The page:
FIG. 1 is a simplified architectural block diagram of an exemplary embodiment of a system of the instant invention;
FIG. 2 is a simplified architectural block diagram of an alternate embodiment of a system incorporating the system and method of the instant invention;
FIG. 3 is a simplified architectural block diagram of a further alternate embodiment of a system incorporating the system and method of the instant invention;
FIG. 4 is a simplified architectural block diagram of a further alternate embodiment of a system incorporating the system and method of the instant invention;
FIG. 5 is a simplified data structure diagram illustrating an aspect of the instant invention;
FIG. 6 is a simplified flow diagram illustrating aspects of a method of the instant invention;
FIG. 7 is a simplified flow diagram illustrating aspects of an alternate embodiment of the method of the instant invention; and
FIG. 8 is a simplified flow diagram illustrating aspects of an alternate embodiment of the method of the instant invention.
While the invention will be described in connection with certain preferred embodiments, there is no intent to limit it to those embodiments. On the contrary, the intent is to cover all alternatives, modifications and equivalents as included within the spirit and scope of the invention as defined by the appended claims.
Before turning to a specific discussion of the instant invention as described in relation to the following exemplary embodiments, and while such will be understood by one skilled in the art, it should be stated that the following description is presented to aid in the understanding of the instant invention. As such, the exemplary embodiments described hereinbelow are presented by way of example and not by way of limitation. Embodiments of the instant invention other than those described below exist, however an exhaustive discussion of every embodiment of the instant invention within the scope of the appended claims is neither possible nor required in this patent document. Therefore, the applicant respectfully reserves the right to any such embodiment within the scope of the appended claims.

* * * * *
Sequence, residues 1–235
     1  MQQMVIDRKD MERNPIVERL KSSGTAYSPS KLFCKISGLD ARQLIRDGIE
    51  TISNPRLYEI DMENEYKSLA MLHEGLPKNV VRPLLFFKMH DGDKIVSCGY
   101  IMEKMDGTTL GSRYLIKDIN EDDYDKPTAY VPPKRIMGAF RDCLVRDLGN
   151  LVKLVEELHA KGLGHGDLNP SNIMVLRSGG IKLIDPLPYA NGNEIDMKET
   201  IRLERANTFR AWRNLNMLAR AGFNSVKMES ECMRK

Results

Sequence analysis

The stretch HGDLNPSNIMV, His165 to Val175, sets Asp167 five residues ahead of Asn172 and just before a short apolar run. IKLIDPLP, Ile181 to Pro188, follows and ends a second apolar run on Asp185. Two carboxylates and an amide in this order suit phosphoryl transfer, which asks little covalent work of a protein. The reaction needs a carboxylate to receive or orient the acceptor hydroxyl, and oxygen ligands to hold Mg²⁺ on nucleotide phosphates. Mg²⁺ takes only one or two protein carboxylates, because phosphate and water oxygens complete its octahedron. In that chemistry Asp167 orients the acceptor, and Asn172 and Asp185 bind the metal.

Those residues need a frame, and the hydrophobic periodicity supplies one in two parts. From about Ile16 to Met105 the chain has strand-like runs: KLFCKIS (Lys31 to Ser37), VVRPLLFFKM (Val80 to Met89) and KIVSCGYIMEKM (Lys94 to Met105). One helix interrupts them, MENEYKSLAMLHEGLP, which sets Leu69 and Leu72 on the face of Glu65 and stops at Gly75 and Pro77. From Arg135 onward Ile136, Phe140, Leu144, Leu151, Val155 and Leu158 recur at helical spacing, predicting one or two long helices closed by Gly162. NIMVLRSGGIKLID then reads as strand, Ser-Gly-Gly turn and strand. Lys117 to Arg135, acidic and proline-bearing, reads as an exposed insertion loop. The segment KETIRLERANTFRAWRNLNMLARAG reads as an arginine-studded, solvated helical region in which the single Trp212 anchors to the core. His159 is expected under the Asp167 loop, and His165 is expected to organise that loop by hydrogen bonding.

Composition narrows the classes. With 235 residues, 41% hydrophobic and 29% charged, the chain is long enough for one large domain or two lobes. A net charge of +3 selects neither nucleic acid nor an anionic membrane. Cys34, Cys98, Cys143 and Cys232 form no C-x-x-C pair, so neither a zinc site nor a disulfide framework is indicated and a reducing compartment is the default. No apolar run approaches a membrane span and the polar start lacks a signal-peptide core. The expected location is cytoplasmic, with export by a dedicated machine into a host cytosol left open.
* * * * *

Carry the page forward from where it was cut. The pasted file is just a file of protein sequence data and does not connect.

As will be understood by one skilled in the art in view of the foregoing discussion of the Background and Summary of the Invention, the instant invention is directed to a system and method for authenticating mailpieces which utilizes a cryptographically secured indicia printed on a mailpiece as evidence of the postage payment. Alternatively, the indicia may be printed in plain text on the mailpiece, so long as the log information from the mailer (described more fully below) is digitally signed or otherwise cryptographically secured. In either embodiment, the indicia of the instant invention occupies a significantly reduced area of the mailpiece real estate allowing additional real estate to be made available for advertising verbiage and graphics, as well as personal messages and images. This greatly reduced postage indicia is achieved by removing the mailpiece's recipient address information from the indicia.